5 Patterns To Know, To Become A Picky Eating Detective

Posted by

Breanne Haeger, MOT, OTR/L

Time to read

4 minutes

We Can Help You Become A Picky Eating Detective

We love helping parents become picky eating detectives because this is often where we see parents have the biggest “AHA!” moments in understanding their child’s eating habits.

Children who are picky eaters often do or don’t eat foods based on one or more of the following characteristics: shape, color, texture, flavor, and smell.  

When we hear parents say things like this, we immediately put on our food detective hats:

  • “My child only eats orange foods.”
  • “My child won’t eat soft foods.”
  • “My child only eats salty or bland foods.”


But food patterns can also be at play when we hear parents say things like:

  • “My child doesn’t eat vegetables.”
  • “My child will not eat meat.”
  • “My child only likes snacks or processed foods.”


It can be so frustrating and confusing! We find making sense of why your kiddos might be refusing certain foods helps parents feel empowered to support their child in expanding their diet. And empowered parents are unstoppable!

Below we will list some of the most common food patterns we see, and some questions to help you start to investigate if your child has any patterns affecting their eating. Once we have this information, we can help them to gradually get unstuck from these habits, as well as use their preferences to our advantage when introducing new foods. 

Picky Eating Detective



Does your child:

  • Prefer round foods?
  • Prefer foods that have clean edges?
  • Prefer one shape of chicken nuggets, cereal, or noodle?
  • Become upset or refuse if a food breaks or is cut in half
  • Prefer processed foods that have consistent shapes? (can also be flavor pattern)

If so:

    • Work on changing shape of preferred foods with child watching or involved
        • Encourage child to use cookie cutters or simply cut while they are watching

        • Can put back together like a puzzle, to show the full item, which sometimes helps ease some anxiety initially

    • Offer new foods in preferred shapes to help them feel comfortable exploring new foods
        • Example: if a child likes round shapes, use a round cookie cutter or melon baller to make new/ non-preferred foods into a preferred shape.  It can also help to offer new foods that are round (baby potatoes, tomatoes, blueberries).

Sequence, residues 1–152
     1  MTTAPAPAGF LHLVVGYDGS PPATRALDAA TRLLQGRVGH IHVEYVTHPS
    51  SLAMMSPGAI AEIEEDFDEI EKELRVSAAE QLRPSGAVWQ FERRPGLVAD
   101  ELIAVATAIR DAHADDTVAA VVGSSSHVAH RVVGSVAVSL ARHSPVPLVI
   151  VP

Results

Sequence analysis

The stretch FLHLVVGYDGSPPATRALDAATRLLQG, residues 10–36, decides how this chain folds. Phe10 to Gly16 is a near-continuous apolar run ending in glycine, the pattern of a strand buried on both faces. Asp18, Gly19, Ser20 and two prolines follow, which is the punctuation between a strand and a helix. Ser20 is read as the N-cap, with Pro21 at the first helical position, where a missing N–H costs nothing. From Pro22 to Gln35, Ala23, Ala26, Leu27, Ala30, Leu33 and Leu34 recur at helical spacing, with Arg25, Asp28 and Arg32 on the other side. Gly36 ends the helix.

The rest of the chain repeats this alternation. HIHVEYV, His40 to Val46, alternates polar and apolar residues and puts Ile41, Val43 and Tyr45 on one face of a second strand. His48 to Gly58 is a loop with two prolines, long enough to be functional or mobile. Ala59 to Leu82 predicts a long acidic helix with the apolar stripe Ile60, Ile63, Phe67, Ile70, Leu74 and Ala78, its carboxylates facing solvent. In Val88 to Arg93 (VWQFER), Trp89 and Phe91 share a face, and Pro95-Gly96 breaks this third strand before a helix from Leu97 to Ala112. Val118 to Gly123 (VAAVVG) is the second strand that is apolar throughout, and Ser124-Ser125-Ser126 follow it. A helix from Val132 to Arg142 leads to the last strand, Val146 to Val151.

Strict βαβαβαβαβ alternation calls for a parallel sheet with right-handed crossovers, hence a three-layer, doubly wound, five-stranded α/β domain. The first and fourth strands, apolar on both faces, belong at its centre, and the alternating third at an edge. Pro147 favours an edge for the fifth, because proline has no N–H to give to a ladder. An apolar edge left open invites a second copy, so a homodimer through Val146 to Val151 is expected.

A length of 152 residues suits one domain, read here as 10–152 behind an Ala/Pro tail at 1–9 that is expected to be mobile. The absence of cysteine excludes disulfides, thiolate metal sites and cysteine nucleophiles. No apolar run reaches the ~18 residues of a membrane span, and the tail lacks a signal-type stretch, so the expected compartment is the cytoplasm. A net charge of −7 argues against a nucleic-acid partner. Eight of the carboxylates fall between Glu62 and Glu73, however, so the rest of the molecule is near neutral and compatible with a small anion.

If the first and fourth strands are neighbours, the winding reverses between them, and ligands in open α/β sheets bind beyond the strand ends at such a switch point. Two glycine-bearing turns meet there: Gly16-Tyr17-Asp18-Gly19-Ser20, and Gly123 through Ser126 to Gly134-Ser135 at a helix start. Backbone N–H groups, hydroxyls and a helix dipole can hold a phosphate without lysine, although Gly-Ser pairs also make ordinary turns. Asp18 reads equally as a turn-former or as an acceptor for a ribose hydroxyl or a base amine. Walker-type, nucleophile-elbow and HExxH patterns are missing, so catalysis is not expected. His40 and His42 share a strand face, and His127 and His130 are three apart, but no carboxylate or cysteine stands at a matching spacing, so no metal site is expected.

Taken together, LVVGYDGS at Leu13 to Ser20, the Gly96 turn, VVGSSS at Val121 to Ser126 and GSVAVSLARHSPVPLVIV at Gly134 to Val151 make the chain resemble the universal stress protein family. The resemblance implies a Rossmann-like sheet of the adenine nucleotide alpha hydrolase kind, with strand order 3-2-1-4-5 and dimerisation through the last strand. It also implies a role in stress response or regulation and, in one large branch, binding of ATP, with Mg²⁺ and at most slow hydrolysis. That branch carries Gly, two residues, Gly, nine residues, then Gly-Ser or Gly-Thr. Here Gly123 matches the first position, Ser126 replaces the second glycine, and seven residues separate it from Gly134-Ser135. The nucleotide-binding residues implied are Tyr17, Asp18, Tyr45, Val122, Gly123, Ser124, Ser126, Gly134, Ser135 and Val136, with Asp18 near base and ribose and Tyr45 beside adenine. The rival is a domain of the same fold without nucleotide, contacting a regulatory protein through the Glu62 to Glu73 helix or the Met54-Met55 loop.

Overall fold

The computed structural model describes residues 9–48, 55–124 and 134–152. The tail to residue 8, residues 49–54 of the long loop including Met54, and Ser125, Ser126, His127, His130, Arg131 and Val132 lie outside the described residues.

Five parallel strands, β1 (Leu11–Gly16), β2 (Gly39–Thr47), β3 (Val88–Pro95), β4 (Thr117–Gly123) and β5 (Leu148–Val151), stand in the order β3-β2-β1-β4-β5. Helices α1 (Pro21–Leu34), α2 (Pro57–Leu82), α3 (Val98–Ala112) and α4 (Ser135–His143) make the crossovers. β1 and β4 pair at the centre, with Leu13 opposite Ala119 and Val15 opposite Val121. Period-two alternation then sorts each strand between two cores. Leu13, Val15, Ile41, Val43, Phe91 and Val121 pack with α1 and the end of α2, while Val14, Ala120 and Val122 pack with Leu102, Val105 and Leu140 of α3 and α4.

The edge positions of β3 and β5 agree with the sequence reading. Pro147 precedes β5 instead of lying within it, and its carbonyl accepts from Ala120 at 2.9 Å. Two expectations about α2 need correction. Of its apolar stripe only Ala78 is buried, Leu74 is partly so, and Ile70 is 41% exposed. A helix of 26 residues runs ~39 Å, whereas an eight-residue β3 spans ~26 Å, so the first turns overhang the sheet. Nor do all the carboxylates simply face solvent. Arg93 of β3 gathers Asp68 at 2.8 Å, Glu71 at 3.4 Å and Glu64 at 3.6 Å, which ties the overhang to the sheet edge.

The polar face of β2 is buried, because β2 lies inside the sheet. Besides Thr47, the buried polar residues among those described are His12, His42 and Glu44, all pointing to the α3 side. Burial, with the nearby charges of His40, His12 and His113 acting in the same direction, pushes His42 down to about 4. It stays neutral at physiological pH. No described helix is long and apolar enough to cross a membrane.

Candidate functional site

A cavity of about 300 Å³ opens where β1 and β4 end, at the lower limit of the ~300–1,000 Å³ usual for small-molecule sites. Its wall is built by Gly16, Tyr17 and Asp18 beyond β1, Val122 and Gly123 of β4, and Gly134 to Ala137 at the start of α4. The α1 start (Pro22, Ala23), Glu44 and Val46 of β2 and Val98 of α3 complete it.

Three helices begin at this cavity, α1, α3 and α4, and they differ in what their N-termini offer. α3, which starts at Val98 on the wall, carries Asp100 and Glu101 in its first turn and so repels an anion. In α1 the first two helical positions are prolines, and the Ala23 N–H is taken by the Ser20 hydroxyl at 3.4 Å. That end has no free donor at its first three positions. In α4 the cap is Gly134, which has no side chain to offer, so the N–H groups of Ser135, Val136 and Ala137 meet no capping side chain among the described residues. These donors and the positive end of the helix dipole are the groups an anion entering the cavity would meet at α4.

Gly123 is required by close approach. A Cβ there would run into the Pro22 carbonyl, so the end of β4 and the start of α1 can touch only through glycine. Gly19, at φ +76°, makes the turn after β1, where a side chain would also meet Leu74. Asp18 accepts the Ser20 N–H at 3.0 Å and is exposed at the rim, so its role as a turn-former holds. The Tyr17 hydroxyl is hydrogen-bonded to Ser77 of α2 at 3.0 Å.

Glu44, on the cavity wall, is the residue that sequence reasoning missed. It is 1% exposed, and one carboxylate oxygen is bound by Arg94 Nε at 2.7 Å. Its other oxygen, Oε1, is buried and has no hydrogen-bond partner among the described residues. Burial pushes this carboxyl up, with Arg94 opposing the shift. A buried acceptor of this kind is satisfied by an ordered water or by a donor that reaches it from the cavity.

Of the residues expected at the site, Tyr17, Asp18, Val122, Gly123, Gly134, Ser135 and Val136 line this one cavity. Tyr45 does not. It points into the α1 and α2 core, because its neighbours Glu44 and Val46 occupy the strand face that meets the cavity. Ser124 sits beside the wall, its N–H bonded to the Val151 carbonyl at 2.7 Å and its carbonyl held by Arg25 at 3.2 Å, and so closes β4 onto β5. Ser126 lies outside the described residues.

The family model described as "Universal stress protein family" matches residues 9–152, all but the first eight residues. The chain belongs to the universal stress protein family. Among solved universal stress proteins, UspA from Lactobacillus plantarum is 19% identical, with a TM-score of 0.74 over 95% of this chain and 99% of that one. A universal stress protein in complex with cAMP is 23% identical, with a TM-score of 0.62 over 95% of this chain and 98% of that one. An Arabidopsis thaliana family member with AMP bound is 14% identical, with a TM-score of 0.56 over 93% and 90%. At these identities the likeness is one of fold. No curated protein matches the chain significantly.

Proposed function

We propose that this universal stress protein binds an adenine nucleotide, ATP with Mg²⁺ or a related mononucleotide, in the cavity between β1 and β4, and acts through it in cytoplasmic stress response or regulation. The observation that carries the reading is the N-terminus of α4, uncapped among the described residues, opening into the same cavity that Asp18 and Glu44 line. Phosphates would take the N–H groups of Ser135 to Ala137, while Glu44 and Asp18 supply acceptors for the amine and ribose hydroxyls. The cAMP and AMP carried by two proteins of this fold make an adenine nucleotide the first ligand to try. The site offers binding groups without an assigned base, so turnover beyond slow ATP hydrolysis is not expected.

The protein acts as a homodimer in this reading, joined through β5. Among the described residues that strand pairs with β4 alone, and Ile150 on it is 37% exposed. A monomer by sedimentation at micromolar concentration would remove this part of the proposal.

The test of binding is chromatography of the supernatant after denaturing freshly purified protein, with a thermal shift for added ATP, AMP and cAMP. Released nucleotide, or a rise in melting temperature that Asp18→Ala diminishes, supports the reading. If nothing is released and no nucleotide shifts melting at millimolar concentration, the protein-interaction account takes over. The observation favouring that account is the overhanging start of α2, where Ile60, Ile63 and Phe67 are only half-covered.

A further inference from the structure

Does your child:

  • Prefer certain color foods?
  • Refuse certain color foods?
  • Refuse foods that have mixed colors (such as dark seeds in light crackers)?
  • Refuse preferred foods in new colors (such as rainbow goldfish)?
  • Eat certain colored purees out of pouches but not out of a bowl? (This may also be related to smell)

If so:

    • Try using a preferred food that comes in several colors to expand color acceptance. Rainbow goldfish and veggie sticks/chips work well for this. 

    • Add a small amount of pigmented fruit juice or food coloring to applesauce or yogurt with the child watching and involved in stirring. They may be more accepting when they know it is the same food as their preferred item.

    • When initially trying foods with new colors, try to offer foods they are likely to enjoy if/when tasted. That way, they won’t develop a negative association when they are just starting to eat foods of that color.

    • If they accept any fruits or snack foods of a particular color (example green veggie sticks), offer those alongside a green vegetable that is a non-preferred food. 



Does your child:

  • Decide whether to eat foods after “testing” them by touching with hands?
  • Strongly prefer or avoid foods that make a crunching sound?
  • Avoid foods that have mixed textures (many soups, yogurt with chunks)?
  • Avoid “wet” or “slimy” foods?
  • Refuse to eat chewy foods? (can also be related to difficulty with chewing itself)
  • Eat purees out of a pouch but not when can see/touch in a bowl?(can also be due to color or smell)

If so: 

    • Increase opportunities for messy play outside of mealtimes. Non-food options include shaving cream, slime, water beads, finger paint. Food-options include whipped cream, drawing with pudding, dry rice/bean bins, using cut vegetables as paint stamps. 



Does your child:

  • Only like one brand/flavor of pasta sauce, apple sauce, pouch, mac and cheese, etc.?
  • Strongly prefer processed foods that have consistent flavor profiles (ex: mac and cheese, frozen nuggets)?
  • Refuse preferred foods if you add light-moderate seasonings?
  • Taste new foods with the tip of their tongue, then refuse?
  • Only eat bland, salty, or sweet foods?

If so:

    • Add very small amounts of new seasoning to preferred foods

    • Make preferred foods (for example mac n cheese or pancake mix) with slightly varied ingredients. Add more or less of an ingredient or flavor packet.

    • Encourage smelling and interacting with foods prior to tasting, as they may be refusing foods because the flavor was unexpected

    •  Combine preferred foods together to create novel flavor profiles (for example: adding spread such as Nutella® to a pancake).



Does your child:

  • Bring things toward their face and then refuse?
  • Eat foods out of pouches but not off of the spoon? 

If so:

    • Increase scented messy play to start to expose your child to more smells (ex: jello play dough, scented crayons, painting with pouches/pudding). 

    • Talk about the smell and compare to other things they like. “Oh it smells sweet like a [preferred sweet food].”

We hope this inspires you to become a picky eating detective with your child and think about what patterns may be affecting their eating. These strategies can be amazingly powerful for many little ones! Most importantly, have fun with the process and get creative!

Need more help with your picky eater? Schedule a free consult today!

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